Inside 1871. image credit: virgin.com

A typical Chicago business

So what does a typical start-up look like in the Windy City? For Henikoff, there’s a clear difference between the sort of companies that entrepreneurs are trying to build in Chicago compared to other entrepreneurial strongholds across the country. "Chicago isn’t going to give you the next Facebook or Twitter, entrepreneurs here are going for something more workable than that. Those things are great, of course, but this isn’t New York or the Valley, there’s not the climate to fund and build those kind of platforms.

"The type of businesses that you’re getting in Chicago are ones that should do well whatever the financial climate, they’re not going to be reliant on some sort of bubble to get backing. These are businesses that enable commerce, like Groupon. They make money on every transaction – that’s a real trait of a Chicago start-up."

Starting up in Chicago: Cons

  • Funding. Many quote the figures changing hands in Silicon Valley and New York. Fundraising on this scale doesn’t happen in Chicago, but then again you wouldn't expect it to.
  • Talent. With the rise of 1871, Techstars Chicago et al the problem has been drastically reduced, but keeping the brightest sparks in the city is still a challenge at times.
  • Tech overkill. If you’re a tech start-up in Chicago then there are endless resources available, outside of the bubble the options start to run dry.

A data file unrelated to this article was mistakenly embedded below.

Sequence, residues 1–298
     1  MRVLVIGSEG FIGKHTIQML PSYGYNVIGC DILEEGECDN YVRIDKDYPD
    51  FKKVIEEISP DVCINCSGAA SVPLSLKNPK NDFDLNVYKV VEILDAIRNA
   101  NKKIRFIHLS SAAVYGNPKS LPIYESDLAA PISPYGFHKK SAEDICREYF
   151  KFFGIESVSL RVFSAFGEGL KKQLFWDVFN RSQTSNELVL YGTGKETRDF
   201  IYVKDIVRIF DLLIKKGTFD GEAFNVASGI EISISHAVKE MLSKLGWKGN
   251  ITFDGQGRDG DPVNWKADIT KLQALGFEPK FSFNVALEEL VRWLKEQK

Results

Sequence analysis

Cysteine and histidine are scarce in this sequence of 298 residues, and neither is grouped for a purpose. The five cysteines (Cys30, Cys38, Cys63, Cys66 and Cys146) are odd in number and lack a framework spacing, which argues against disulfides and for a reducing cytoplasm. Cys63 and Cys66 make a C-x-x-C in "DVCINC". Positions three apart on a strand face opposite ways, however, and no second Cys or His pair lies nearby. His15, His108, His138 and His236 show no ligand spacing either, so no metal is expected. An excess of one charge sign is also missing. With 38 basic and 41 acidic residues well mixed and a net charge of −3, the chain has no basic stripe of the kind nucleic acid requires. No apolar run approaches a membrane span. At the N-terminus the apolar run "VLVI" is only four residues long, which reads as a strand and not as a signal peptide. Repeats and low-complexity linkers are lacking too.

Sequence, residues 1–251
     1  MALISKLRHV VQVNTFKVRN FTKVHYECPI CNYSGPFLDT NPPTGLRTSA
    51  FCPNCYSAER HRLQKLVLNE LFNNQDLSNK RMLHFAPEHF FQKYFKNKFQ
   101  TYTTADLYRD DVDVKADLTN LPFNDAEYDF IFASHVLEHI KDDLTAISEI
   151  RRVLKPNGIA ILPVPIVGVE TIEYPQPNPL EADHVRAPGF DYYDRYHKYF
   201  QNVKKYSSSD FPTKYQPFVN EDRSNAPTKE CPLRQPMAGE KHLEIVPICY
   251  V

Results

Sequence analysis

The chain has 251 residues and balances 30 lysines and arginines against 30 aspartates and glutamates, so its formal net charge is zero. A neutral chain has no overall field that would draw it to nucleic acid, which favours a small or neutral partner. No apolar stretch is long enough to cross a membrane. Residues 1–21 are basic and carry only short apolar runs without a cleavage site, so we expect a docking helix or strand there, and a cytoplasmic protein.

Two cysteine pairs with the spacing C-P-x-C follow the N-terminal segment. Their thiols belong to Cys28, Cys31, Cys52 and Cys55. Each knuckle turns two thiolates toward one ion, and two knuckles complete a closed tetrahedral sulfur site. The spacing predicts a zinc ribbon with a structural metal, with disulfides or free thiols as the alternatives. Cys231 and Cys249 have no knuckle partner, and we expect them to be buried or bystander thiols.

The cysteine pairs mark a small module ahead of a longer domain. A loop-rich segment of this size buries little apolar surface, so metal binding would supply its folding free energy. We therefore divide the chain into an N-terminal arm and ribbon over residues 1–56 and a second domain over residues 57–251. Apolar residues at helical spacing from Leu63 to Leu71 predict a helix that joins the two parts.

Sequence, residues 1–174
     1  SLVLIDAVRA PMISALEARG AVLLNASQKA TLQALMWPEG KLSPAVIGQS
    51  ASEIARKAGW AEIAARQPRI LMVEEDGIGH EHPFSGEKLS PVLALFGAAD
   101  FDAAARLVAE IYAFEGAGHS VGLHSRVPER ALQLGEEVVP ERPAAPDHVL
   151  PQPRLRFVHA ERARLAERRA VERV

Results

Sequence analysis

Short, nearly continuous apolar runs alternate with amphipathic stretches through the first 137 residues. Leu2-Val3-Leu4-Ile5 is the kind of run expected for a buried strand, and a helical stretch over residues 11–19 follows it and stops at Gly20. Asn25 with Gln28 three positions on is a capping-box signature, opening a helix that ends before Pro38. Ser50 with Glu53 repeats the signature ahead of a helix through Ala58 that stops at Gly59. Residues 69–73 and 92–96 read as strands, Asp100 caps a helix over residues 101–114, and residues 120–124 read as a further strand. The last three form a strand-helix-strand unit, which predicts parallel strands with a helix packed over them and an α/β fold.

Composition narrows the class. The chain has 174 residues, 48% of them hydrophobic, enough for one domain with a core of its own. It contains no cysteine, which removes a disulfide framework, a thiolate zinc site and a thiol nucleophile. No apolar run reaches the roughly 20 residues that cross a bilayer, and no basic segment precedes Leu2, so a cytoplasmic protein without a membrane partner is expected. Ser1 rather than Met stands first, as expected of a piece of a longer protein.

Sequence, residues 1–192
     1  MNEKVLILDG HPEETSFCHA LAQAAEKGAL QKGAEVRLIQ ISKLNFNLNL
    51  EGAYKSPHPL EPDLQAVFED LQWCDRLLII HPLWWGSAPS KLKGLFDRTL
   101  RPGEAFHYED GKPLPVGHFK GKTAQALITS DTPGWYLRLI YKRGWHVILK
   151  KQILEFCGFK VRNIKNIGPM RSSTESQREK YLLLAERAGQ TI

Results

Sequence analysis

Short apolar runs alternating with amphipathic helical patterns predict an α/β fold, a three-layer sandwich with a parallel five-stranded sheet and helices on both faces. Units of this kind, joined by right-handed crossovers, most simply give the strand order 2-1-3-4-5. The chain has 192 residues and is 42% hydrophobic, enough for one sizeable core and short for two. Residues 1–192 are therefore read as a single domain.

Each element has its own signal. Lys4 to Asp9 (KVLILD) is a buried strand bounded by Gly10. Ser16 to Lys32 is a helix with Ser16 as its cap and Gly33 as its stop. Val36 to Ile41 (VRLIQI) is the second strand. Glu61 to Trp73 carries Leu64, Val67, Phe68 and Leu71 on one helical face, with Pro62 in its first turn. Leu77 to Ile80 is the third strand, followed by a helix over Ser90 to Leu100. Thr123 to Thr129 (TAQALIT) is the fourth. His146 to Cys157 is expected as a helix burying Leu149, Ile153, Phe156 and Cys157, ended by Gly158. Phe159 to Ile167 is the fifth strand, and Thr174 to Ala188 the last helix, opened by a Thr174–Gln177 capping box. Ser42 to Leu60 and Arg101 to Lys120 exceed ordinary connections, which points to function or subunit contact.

When we put this idea to one such start-up, the laundry app service DRYV which is based in the city’s West Loop region, the response was unequivocal. "Yes! That’s exactly it," nodded co-founder Dan Parsons. "We don’t have the unicorn start-ups here that you’ll find on either of the coasts, you have to go about things differently.

"You’ll find a lot of tech enabled businesses, like ours, in Chicago. These are the sort of things that work well, they lower the risk factor as there’s a benefit to be had on every transaction."

On top of this defining factor, Tullman of 1871 sees trends emerging for start-ups in the "fin-tech, food, real estate and retail sectors - areas where the city has traditionally performed strongly."

The future

With the amount of both entrepreneurs and enablers now operating within the confines of the city, the future for many of those embedded in the start-up ecosystem could revolve around curating the various efforts – as well as working on combating any perceived weaknesses.

"The next few years should hopefully see a generation of world-class founders emerge in Chicago, a new class of entrepreneurs. That will involve a cultural change, so it’s not easy but it is achievable," noted Galen Mason – co-founder of not-for-profit incubator and accelerator Catapult.

"Four or so years ago there were a couple massive companies in Chicago and a handful of really small start-ups, since that time we’ve seen the middle ground explode. There has been such massive progress made, it’s exciting to think what the next four years will bring."

Thumbnail from gettyimages

Comment

Our Companies

Quick Links